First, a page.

A person would need to be naive beyond belief to have thought the Prime Minister expected bouquets instead of brickbats when he announced Tuesday's decision to limit the permanent JobSeeker increase to just $3.57 a day.
Described as a "measly" amount by the Australian Council of Social Services' Jenny Goldie, the increase was also marked down by Deloitte Access Economics' Chris Richardson. While welcoming the fact the payment had been increased, he said it should have been more.
The increase certainly fell well short of the $75 a week being mooted by Deloitte in 2018.
Ms Goldie was more forthright. Noting Australia's "dole" was the lowest in the OECD, she said the government had "lost its opportunity to be a government that stood up for human dignity" and that "it is a heartless betrayal".
While there was a broad consensus across the community that the pre-coronavirus payment level had been "brutal and inhumane" the government had chosen not to listen. "This will distress millions of people," she said.
Ms Goldie's claim a consensus exists cannot be dismissed out of hand given that was exactly the phrase Reserve Bank Governor Philip Lowe used when he said an increase was a "matter of equity".
"I think there is a wide consensus in the community that the previous level should be increased permanently and I've said on previous occasions that I would join that consensus," he said.
While Mr Lowe did not name a specific figure it seems unlikely that $3.57 a day was what he had in mind.
While the ALP, which declined to lift the the basic unemployment benefit between 2007 to 2013, reacted predictably, deputy Opposition Leader Richard Marles did raise a pertinent issue during question time.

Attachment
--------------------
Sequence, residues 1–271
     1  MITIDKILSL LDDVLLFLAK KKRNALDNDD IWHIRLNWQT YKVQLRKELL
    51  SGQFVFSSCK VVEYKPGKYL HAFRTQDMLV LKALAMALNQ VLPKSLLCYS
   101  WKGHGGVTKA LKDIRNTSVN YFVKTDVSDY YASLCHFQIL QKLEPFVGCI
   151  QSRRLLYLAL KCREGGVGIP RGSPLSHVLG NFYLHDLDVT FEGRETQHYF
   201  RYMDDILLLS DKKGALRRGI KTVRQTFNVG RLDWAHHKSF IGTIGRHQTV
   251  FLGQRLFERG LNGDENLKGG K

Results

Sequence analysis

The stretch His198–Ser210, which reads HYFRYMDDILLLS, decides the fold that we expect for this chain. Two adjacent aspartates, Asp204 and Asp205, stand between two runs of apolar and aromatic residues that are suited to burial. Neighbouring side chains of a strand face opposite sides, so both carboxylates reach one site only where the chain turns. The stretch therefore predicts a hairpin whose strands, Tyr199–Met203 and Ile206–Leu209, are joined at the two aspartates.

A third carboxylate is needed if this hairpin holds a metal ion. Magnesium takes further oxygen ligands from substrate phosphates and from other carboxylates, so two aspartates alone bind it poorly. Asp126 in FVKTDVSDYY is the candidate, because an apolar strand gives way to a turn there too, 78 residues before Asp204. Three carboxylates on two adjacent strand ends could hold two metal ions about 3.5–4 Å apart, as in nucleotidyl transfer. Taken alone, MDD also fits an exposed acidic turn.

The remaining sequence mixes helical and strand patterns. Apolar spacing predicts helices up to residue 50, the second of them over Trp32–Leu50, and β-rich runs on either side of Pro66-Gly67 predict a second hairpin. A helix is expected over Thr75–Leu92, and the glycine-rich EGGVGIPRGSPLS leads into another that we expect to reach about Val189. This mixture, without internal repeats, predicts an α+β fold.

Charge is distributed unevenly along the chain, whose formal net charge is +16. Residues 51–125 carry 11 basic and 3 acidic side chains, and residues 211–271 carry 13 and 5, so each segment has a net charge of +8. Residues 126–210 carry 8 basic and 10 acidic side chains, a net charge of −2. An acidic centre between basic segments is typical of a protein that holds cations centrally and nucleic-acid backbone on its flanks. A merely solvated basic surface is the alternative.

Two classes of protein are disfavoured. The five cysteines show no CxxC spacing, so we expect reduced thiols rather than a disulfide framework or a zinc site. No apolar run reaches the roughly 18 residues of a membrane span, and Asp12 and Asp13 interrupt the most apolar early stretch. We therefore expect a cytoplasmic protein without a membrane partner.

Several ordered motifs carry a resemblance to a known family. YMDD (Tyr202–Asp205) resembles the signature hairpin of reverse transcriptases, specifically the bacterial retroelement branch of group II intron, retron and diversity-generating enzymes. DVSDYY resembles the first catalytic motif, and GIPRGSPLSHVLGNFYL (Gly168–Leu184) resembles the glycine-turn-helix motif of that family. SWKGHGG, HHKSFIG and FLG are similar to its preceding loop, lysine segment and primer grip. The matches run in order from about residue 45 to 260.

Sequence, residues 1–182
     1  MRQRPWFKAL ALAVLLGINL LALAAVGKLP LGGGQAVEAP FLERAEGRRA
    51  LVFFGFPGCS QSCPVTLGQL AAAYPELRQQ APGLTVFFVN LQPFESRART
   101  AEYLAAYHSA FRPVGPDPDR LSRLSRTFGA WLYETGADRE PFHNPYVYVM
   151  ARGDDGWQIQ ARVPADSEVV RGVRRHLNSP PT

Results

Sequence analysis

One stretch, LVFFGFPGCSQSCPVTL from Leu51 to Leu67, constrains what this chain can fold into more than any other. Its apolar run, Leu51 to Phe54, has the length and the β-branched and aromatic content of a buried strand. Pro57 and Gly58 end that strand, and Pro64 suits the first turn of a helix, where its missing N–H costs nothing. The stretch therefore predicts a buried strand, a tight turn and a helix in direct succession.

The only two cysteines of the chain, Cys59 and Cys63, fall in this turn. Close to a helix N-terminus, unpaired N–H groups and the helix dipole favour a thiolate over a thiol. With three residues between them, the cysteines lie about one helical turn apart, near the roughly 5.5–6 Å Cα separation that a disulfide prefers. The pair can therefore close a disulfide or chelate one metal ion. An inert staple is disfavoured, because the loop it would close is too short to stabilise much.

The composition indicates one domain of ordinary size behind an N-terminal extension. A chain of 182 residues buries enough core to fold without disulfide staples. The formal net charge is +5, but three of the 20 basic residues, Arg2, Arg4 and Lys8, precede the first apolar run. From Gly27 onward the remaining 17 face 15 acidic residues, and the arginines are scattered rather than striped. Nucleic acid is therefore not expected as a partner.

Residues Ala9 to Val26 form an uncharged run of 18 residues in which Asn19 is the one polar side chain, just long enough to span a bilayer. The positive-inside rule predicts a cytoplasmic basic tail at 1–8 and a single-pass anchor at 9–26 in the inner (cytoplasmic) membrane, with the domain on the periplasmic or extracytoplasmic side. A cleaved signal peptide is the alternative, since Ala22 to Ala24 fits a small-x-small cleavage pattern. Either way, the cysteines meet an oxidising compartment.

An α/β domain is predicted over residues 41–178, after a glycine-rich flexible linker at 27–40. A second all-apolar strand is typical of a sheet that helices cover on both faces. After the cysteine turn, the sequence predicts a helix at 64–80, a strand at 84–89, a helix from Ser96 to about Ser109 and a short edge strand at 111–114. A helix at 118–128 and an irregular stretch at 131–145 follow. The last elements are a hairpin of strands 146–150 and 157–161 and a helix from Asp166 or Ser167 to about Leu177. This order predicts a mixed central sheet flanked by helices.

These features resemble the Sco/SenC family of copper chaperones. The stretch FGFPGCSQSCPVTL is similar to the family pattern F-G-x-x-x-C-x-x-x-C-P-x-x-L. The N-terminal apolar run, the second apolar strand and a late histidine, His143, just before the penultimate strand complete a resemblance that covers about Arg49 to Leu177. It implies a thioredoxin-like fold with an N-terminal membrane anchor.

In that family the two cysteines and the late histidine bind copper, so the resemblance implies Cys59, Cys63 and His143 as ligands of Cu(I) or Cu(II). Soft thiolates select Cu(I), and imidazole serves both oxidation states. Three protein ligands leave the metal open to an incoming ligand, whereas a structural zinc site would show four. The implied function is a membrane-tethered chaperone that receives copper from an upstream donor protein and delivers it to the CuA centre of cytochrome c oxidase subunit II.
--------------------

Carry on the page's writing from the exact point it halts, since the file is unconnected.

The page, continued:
He wanted to know how many of the 1.2 million Australians now on JobKeeper will lose their employment, and therefore be forced onto a base income of $43.57 a day, after the end of March.
It's a good question and one nobody, inside or outside of government, has an answer for. It is of intense interest to hundreds of thousands of people working in hard-hit industries such as tourism, travel, and the performing arts, who have no idea how they are going to be able to keep food on the table and a roof over their heads once that lifeline has been withdrawn.
Tuesday's announcement, replete with reiterations by the PM of Ronald Reagan's favourite line that "the best form of welfare is a job", and statistics suggesting this is the largest single dollar increase in the basic unemployment allowance since the 1980s, will be seen by many as proof the age of "we're all in this together" has ended and that the Coalition is reverting to ideological type now it believes the worst is over.
Quoting Milton Friedman's most famous acolyte on the one hand, while apparently taking pride in the fact that a succession of governments have forced millions of Australians to subsist in poverty for almost four decades is an unusual tactic.
This is particularly so given the government responsible for robodebt is quite happy for the tax office to let businesses inadvertently overpaid an estimated $50 million under JobKeeper keep the cash.
There are many in the community who will see Tuesday's announcement as a cynical attempt by the Coalition to set itself up so it can go into the next election saying it did increase the allowance without actually doing so in a meaningful way.
If that is the case then this was a very dark day for our society's poorest, weakest, and most vulnerable members.